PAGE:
Predicting people’s intention to donate their body to medical science and research
Predictors of people’s intention to register with a body bequest program for donating their deceased body to medical science and research were examined using standard theory of planned behavior (TPB) predictors (attitude, subjective norm, perceived behavioral control) and adding moral norm, altruism, and knowledge. Australian students (N = 221) at a university with a recently established body bequest program completed measures of the TPB’s underlying beliefs (behavioral, normative, and control beliefs) and standard and extended TPB predictors, with a sub-sample reporting their registration-related behavior 2 months later. The standard TPB accounted for 43.6%, and the extended predictors an additional 15.1% of variance in intention. The significant predictors were attitude, subjective norm, and moral norm, partially supporting an extended TPB in understanding people’s body donation intentions. Further, important underlying beliefs can inform strategies to target prospective donors.
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|Item Type:||Journal Article|
|Keywords:||body donation, body bequest program, theory of planned behaviour, moral norm|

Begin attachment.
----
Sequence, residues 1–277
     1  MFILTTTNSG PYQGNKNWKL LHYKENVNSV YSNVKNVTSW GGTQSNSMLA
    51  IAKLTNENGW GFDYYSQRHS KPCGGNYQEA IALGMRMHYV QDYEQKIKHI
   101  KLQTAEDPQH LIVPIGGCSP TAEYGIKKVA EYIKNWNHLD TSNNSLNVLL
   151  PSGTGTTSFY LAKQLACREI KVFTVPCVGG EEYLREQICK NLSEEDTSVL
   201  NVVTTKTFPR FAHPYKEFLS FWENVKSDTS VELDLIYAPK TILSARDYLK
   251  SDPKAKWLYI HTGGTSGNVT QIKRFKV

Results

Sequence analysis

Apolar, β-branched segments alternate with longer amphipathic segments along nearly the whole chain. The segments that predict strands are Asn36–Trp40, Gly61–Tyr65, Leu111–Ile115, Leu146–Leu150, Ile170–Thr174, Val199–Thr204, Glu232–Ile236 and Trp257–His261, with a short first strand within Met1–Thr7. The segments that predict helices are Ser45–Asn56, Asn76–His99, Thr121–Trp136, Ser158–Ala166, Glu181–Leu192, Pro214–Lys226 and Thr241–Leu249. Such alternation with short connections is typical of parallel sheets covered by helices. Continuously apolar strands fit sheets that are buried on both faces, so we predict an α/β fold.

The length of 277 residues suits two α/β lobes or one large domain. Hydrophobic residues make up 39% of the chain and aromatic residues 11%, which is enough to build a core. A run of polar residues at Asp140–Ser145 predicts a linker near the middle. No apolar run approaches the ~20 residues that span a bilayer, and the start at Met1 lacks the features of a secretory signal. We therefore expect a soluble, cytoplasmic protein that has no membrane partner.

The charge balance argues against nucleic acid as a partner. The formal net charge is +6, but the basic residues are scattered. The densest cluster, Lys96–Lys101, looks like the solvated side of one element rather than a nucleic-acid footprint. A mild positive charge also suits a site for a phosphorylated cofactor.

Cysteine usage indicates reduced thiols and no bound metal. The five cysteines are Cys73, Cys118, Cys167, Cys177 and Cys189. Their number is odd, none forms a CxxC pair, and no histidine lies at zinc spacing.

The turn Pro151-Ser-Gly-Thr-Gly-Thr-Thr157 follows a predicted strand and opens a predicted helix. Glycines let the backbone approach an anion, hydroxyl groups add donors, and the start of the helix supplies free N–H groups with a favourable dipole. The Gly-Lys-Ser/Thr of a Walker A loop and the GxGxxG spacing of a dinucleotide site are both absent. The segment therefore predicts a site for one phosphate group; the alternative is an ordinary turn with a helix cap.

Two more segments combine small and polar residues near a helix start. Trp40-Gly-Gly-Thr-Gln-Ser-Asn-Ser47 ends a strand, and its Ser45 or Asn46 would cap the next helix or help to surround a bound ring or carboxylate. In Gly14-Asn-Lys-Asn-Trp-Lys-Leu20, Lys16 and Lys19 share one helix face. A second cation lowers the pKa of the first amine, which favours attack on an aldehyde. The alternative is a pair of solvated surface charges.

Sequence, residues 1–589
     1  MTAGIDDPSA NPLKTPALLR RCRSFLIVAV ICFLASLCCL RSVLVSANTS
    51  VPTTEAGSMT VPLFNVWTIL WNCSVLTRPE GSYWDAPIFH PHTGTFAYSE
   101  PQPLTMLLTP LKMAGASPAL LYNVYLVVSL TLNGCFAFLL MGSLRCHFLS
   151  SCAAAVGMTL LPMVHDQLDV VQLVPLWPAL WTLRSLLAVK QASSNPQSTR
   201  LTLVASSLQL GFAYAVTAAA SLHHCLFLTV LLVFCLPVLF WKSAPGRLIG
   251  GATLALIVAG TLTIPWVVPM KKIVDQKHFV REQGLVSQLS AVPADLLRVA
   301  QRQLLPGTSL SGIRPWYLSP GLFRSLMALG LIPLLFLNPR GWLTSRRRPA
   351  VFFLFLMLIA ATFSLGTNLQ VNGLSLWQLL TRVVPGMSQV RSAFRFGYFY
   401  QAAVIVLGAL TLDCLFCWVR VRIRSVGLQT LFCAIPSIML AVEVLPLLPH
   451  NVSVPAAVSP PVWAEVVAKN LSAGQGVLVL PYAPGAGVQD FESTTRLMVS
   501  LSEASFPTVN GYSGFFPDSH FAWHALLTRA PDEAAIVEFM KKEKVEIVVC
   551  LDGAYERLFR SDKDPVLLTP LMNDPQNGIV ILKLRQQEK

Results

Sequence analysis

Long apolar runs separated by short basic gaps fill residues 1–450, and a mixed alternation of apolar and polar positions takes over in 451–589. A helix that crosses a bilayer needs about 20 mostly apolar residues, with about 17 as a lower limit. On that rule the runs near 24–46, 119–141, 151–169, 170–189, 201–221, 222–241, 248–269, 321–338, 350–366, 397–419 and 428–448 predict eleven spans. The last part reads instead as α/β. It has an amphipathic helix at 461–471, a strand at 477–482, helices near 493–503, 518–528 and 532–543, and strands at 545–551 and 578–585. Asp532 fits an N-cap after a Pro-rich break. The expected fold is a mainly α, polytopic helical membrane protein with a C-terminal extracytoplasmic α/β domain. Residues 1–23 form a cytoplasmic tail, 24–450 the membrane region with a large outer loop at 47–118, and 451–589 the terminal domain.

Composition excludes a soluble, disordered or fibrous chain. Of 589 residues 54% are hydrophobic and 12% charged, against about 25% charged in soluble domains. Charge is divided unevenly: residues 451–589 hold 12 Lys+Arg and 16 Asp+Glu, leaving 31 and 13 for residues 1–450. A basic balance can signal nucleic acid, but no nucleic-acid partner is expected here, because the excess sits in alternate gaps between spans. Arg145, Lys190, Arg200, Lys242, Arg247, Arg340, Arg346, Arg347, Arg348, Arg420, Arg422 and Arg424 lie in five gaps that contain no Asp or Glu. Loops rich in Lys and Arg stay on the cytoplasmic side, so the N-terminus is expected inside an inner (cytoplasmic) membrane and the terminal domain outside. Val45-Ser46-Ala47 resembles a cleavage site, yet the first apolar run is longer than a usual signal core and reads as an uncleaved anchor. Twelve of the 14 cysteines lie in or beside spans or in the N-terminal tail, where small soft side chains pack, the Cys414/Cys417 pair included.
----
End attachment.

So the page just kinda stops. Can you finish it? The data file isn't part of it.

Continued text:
|Subjects:||Australian and New Zealand Standard Research Classification > PSYCHOLOGY AND COGNITIVE SCIENCES (170000) > PSYCHOLOGY (170100) > Social and Community Psychology (170113)|
|Divisions:||Current > QUT Faculties and Divisions > Faculty of Health
Current > Institutes > Institute of Health and Biomedical Innovation
Current > Schools > School of Psychology & Counselling
|Copyright Owner:||Copyright 2015 Taylor & Francis Group, LLC|
|Copyright Statement:||The Version of Record of this manuscript has been published
and is available in The Journal of Social Psychology, 06 February 2015, http://www.tandfonline.com/10.1080/00224545.2014.998962
|Deposited On:||24 Jun 2015 00:48|
|Last Modified:||14 Feb 2016 03:35|
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